Clinicians in healthcare settings typically have information coming at them from all directions, at all times, and often with little distinction as to the level of urgency. It makes for inefficiency and confusion for today’s busy doctor.
In today’s hospital setting, that disjointed communication creates dissonance and distraction. Even though the world has gravitated to the ubiquitous use of smartphones, that’s not the dominant form of connection for physicians. The vast majority of hospitals still depend on paging systems to quickly reach doctors as they circulate through a facility and even outside it.
In fact, a study published in the Journal of Hospital Medicine in 2017 found that hospitals provided pagers to 80 percent of hospital-based clinicians, and more than half of all physicians in the survey reported that they received patient care-related communication most commonly by pager. Other information sources reported in the study included unsecured standard text messaging (53 percent of clinicians), and 27 percent used a secure messaging application.
While paging systems seem like a throwback form of technology, they have a history of providing reliable connections between clinicians in hospital settings. They operate on a frequency that is less prone to interference, and they travel significantly farther than messages traveling on cellular networks or Wi-Fi. That means pager signals reach hospital areas that are likely to have bad reception, such as radiology departments or basements. In addition, pager signals are not susceptible to surges in demand or network overload situations, which may occur during emergencies.
However, many hospitals are taking steps to resolve some of these issues. For example, a variety of technologies, such as repeaters, range extenders, or boosters, can improve coverage to challenge areas for both Wi-Fi and cellular networks.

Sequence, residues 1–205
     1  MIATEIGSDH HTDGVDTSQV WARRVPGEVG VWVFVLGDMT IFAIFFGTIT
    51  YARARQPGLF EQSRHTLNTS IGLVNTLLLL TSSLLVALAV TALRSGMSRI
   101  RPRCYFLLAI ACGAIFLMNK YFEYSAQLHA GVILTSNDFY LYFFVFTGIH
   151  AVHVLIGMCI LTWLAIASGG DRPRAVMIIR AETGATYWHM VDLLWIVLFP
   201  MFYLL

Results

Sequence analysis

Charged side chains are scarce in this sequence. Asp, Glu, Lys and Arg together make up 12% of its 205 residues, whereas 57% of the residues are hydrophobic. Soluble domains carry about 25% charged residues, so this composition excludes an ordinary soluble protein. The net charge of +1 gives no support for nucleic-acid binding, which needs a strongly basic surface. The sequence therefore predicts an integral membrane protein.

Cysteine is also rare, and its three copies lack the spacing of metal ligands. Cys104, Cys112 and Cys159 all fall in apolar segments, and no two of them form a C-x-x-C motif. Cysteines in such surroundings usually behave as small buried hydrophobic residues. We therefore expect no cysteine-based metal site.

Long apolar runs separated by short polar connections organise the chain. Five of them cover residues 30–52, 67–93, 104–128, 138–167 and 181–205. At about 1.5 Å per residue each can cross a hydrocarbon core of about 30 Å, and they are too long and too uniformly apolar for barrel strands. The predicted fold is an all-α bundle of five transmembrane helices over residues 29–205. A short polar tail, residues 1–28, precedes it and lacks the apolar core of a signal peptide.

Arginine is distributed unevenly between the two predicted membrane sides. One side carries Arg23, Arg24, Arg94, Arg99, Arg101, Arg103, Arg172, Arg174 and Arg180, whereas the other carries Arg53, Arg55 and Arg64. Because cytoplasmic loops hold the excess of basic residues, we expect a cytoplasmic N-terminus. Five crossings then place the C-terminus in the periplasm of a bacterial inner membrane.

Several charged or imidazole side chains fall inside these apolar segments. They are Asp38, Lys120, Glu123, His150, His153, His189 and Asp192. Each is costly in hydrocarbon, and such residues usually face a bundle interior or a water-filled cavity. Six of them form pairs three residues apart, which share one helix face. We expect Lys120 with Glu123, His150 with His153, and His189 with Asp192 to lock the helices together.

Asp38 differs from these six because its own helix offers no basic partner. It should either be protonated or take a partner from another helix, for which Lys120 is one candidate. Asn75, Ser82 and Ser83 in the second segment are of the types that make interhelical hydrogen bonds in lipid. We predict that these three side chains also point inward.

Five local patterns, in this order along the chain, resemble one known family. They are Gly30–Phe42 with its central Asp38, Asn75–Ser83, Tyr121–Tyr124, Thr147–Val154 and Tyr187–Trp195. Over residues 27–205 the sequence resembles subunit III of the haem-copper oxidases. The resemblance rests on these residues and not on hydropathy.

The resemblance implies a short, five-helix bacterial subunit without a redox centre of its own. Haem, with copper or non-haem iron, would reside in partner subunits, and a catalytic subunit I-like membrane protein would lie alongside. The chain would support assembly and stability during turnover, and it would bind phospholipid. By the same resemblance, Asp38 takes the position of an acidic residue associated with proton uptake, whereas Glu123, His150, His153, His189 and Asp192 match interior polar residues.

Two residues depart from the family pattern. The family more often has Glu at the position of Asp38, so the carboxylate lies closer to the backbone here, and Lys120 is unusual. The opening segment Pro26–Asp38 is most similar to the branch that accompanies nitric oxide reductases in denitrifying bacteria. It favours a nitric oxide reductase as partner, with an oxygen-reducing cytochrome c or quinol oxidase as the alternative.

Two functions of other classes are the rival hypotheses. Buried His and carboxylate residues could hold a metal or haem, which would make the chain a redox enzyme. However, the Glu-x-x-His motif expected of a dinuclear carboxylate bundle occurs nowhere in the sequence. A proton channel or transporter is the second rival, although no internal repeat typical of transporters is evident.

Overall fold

Even so, pagers – a technology that was patented in 1949 and first used in New York City’s Jewish Hospital – are now a duplicative device that does not match the capability of the smartphones that physicians rely on. Many report that it’s frustrating to have to carry a separate paging device that does not fully meet their communication needs.
Pagers don’t work like physicians need them to. For example, it’s frustrating to receive a page, then return the call as requested, only to find that the doctor or nurse who initiated the page is no longer on duty or otherwise inaccessible. That typically requires a message to voicemail or further calls to find out how to reach the other clinician. Communication that could be handled in two minutes with a smartphone could take as much as half an hour to complete with a pager-based system. And that interferes with other work that a clinician should be accomplishing during hospital rounds.
Here’s one real-life example from a surgeon at a major Boston-area hospital. The doctor needed to reach a radiology technologist after regular work hours to get post-surgery X-ray images of a patient uploaded to another EHR system. The physician eventually calls the technologist’s pager number, but there are no instructions for how to ensure the message was left or even if the page went through. The physician calls a nurse to have her call the technologist’s page number on his behalf, but still has no assurance that the call went through. Finally, the technologist returned the call after 35 minutes and multiple phone calls.
Paging systems also have security shortcomings. Many pagers are not fully secure, exposing messages sent over a system to anyone who can tap into the frequency being used. As a result, many pagers and pager messaging systems are not HIPAA compliant, exposing hospitals to potential liability or even hacking or service attacks that could impact communications.
To improve efficiency and security, healthcare organizations need to look to gravitate toward an all-encompassing medical communications system that captures all pager-like messages and seamlessly incorporates them into a collaboration platform that does not rely on store-and-forward functionality.
Over recent years, clinicians have come to accept and widely use smartphones as a form factor, and their multi-tasking capability also enables clinicians to do more than one task – for example, communicate via text messages, consult an electronic health records system and engage in verbal communication with one or more clinicians.
While the utility of the pager network remains and pager systems are likely to stay in use for the foreseeable future, it is important for healthcare systems to keep the technology but get away from the pager form factor. Transforming the system won’t get rid of pagers completely but will enable physicians to get pager messages in a different way, connecting the current highly accessible pager network directly to a medical professional’s smartphone.
Such a strategy combines the ease of use and convenience of a smartphone with the advantages of a pager network.
About Fred Lizza
Fred Lizza is CEO of Statum Systems , a developer of advanced mobile collaboration platforms geared to caregivers. He was previously CEO of StrategicClaim, an insurance claims platform, and Freestyle Solutions, an e-commerce leader. Fred earned his MBA from Harvard University.